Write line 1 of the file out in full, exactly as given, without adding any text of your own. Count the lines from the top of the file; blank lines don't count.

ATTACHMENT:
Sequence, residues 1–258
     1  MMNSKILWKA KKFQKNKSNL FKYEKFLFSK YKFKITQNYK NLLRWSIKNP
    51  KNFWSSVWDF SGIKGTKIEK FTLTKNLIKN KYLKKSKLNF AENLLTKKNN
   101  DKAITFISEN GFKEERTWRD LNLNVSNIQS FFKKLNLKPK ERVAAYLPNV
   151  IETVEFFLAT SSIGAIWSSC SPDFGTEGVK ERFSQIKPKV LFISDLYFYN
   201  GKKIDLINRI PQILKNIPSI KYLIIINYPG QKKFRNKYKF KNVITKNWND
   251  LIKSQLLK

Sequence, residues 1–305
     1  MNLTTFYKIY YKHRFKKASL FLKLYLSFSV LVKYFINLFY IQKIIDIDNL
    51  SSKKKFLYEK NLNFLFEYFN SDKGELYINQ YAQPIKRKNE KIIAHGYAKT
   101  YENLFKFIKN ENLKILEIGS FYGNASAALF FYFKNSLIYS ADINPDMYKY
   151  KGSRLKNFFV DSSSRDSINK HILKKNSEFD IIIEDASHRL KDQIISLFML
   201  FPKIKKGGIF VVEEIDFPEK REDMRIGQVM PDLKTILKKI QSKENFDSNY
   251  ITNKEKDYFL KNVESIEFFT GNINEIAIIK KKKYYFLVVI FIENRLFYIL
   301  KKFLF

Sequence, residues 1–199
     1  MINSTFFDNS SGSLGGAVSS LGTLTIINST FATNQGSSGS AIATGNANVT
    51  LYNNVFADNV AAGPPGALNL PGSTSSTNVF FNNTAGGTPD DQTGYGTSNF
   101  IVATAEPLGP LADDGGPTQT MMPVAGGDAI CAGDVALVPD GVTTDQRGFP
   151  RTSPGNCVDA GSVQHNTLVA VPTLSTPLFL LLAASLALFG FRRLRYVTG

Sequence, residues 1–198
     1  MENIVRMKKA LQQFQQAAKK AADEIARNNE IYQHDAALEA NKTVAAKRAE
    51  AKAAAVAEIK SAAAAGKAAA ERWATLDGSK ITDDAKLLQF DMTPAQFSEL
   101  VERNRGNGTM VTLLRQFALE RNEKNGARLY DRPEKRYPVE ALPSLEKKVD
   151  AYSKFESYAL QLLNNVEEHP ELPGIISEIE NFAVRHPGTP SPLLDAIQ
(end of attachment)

Sequence, residues 1–258